IT IS ALL going rather swimmingly for China with the United States right now. Following the happily smooth summit between President Xi Jinping and US President Donald Trump in Florida last week, the US president has said that China is not manipulating its currency.
During his election campaign last year, Trump had repeatedly accused Beijing of artificially driving down the value of the yuan to increase its export competitiveness, and had said he would label China as a currency manipulator on his first day in office.
His about-turn pre-empts the US Treasury’s forthcoming biannual report to Congress on the foreign-exchange policy of the United States’ principal trading partners: being designated a currency manipulator by the US Treasury legally triggers US Congressional sanctions against the offending country.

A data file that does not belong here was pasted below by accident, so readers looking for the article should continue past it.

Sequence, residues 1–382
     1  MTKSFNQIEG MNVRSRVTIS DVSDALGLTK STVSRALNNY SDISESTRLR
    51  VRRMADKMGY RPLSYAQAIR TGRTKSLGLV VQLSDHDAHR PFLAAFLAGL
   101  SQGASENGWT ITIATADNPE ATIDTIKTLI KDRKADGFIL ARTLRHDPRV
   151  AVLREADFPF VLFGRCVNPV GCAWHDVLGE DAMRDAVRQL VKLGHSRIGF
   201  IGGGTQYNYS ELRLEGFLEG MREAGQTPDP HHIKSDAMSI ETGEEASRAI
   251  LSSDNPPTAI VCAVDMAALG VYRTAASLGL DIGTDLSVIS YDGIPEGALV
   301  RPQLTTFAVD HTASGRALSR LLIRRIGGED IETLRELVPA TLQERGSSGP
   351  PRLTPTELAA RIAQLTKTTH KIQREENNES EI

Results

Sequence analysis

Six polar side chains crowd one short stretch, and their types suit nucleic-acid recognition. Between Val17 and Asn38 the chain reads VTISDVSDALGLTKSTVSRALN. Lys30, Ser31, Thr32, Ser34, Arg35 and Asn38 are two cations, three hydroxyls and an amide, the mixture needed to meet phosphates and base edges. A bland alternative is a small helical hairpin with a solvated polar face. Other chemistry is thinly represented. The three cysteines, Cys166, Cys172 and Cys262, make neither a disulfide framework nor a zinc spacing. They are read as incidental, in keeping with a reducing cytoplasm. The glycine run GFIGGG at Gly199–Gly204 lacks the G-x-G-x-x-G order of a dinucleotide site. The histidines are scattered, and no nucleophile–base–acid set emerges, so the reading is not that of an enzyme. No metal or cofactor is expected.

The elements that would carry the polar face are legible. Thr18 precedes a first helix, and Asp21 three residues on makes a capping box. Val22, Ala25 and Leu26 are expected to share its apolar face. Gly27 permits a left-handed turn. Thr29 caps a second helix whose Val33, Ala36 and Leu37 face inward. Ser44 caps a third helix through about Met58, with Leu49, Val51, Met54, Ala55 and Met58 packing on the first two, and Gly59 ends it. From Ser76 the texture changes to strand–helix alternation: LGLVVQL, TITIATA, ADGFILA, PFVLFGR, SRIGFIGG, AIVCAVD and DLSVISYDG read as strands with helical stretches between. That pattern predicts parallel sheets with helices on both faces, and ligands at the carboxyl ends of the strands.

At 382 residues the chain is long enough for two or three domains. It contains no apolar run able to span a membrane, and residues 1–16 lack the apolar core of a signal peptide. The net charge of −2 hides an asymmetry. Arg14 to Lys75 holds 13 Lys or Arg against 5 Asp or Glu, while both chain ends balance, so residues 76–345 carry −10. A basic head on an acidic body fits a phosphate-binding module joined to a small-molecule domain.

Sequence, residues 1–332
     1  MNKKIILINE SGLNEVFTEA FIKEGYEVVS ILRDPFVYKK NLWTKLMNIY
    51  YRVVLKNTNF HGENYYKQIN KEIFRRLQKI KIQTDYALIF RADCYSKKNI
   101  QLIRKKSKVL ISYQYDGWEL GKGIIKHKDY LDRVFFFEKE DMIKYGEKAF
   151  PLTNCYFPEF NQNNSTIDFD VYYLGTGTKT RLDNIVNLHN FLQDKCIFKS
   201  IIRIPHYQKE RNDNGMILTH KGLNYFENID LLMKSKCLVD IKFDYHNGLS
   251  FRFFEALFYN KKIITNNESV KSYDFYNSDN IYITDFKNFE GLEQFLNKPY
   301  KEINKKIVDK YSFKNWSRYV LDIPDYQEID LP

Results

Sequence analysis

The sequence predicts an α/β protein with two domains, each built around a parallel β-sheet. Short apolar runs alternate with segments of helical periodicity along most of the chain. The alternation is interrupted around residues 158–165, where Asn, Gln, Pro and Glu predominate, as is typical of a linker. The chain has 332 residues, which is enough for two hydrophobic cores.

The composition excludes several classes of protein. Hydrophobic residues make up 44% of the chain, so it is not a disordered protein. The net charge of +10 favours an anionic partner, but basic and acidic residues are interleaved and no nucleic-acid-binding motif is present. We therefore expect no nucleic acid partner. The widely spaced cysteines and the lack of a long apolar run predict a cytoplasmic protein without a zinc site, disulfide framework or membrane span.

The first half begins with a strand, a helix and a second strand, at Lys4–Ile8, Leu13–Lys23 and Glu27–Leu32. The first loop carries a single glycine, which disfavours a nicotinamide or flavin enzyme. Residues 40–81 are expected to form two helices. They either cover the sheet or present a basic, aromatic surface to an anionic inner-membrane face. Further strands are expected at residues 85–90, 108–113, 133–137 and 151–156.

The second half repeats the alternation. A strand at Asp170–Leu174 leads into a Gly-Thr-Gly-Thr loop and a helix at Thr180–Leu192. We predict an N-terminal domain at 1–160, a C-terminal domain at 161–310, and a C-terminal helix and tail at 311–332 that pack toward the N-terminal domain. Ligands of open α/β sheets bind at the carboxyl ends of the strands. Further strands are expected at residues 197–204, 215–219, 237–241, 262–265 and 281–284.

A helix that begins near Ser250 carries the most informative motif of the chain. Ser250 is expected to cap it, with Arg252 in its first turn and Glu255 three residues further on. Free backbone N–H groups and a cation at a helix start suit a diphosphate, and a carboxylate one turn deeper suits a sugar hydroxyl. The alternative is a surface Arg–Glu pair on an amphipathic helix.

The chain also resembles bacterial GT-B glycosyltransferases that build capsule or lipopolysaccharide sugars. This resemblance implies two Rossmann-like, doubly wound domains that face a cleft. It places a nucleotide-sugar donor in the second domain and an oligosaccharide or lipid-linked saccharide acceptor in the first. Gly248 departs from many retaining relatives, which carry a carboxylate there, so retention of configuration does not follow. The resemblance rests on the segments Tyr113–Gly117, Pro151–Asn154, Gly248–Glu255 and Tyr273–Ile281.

In the Obama-era, the Treasury had always found a way to avoid that, but the risk to China once Trump won the election last November was acute.
Trump now accepts that China has not been manipulating its currency for a while. His need to work with Beijing on dealing with North Korea — regardless of his previous comments that the United States would take unilateral action against Pyongyang if China failed to rein in its neighbour as Washington expected — appears to have helped clarify his vision.